The Budget 2016: Online merchants dodging VAT overseas in George Osborne’s firing line
4 min read
16 March 2016
As part of his Budget 2016 address, George Osborne sought to reassure the small business leaders that feel they’re struggling against online rivals and revealed he will clamp down on VAT dodgers overseas, while supporting sharing economy entrepreneurs with a tax break for an Airbnb allowance.
Prior to the announcement he revealed that corporation tax would be cut from 20 per cent to 17 per cent, calling it “one of the most distortive and unproductive taxes there is”.
The chancellor said the move would support British businesses, while making the UK an enticing location for large multinationals, which will be monitored to ensure taxes are paid here, not overseas, to make things fairer for smaller companies.
And with overseas merchants in mind, Osborne segued into his plans to help small businesses competing against internet retailers – particularly the ones operating from abroad.
“I also want to address the great unfairness that many small businessmen and women feel when they compete against companies on the internet,” he said.
“Sites like eBay and Amazon have provided an incredible platform for many new small British startups to reach large numbers of customers. But there’s been a big rise in overseas suppliers storing goods in Britain and selling them online without paying VAT.
“That unfairly undercuts British businesses both on the internet and on the high street, and today I can announce that we are taking action to stop it.”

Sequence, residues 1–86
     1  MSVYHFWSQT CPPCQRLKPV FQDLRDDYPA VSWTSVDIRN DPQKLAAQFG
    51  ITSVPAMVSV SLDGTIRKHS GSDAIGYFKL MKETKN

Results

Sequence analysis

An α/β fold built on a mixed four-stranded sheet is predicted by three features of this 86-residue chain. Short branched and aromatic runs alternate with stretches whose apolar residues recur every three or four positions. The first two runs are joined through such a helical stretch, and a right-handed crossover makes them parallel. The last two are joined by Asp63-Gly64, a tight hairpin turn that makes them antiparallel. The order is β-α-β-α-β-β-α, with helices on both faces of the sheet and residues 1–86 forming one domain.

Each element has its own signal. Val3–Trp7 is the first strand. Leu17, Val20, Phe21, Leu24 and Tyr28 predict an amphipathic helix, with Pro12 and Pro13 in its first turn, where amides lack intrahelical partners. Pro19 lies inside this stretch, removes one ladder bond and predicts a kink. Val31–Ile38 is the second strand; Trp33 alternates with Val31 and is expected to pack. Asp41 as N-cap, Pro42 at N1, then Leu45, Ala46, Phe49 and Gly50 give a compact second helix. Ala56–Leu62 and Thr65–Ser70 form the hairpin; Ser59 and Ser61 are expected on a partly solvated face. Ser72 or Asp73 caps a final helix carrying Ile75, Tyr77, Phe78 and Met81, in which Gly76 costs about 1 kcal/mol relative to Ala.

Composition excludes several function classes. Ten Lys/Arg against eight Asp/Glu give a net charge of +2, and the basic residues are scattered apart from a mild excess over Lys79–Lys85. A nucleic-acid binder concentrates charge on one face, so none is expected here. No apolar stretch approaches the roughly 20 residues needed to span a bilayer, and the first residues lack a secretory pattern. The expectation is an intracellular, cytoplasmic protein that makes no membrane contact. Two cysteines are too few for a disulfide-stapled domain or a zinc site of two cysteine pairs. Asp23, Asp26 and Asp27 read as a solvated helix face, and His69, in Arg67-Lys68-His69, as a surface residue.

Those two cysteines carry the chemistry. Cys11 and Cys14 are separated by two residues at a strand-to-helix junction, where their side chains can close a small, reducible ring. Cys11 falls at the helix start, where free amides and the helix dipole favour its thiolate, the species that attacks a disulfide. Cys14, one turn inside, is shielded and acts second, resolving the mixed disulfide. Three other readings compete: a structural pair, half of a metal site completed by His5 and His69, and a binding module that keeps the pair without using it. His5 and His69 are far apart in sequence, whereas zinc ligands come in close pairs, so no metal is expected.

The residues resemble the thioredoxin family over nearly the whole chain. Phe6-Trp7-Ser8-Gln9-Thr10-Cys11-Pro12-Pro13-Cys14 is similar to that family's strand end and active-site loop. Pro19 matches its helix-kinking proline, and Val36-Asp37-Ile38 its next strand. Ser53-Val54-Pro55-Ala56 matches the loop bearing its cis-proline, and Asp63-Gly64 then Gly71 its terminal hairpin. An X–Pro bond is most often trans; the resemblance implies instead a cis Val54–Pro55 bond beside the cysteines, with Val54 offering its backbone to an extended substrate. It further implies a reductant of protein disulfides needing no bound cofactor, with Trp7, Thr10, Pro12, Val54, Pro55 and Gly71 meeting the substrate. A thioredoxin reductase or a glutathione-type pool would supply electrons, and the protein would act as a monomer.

Read more on the Budget 2016:
- “Radical devolution of power” to regions across Britain revealed
- Are you one of 6,000 small firms set to pay no rates?
- George Osborne to cut corporation tax to 17 per cent
He added renewed support for the sharing economy in the process, a sector that has already received significant backing from the government, with a view to encourage the use of online.
The micro-entrepreneurs using services such as Airbnb to rent out homes or lend goods through the internet will receive tax relief to help nurture their endeavours.
“Our tax system should be helping these people so I’m introducing two new tax-free allowances each worth £1,000 a year, for both trading and property income,” said Osborne.
“There will be no forms to fill in, no tax to pay – it’s a tax break for the digital age and at least half a million people will benefit.”
Debbie Wosskow, founding chair of trade body Sharing Economy UK (SEUK) and CEO and founder of Love Home Swap was thrilled with the news.
“This is a colossal win for Britain. We are the first in the world to introduce a sharing economy allowance that allows individuals to earn up to £2,000 tax free. This demonstrates the UK truly is the home of the sharing economy and leading the global stage in this space,” she said.
“The trade body, Sharing Economy UK, has championed tax breaks such as this for some time. Consumers need to be able to use sharing economy platforms such as Airbnb and TaskRabbit to top up their income without the fear that they are breaking the rules.
“65 per cent of those participating in the sharing economy are female. This move brings us a step closer to empowering these women and other micro-entrepreneurs to live and work in a flexible way.”
Wosskow has exclusively told Real Business this month why women workers and better sharing stats are the key to boosting UK productivity.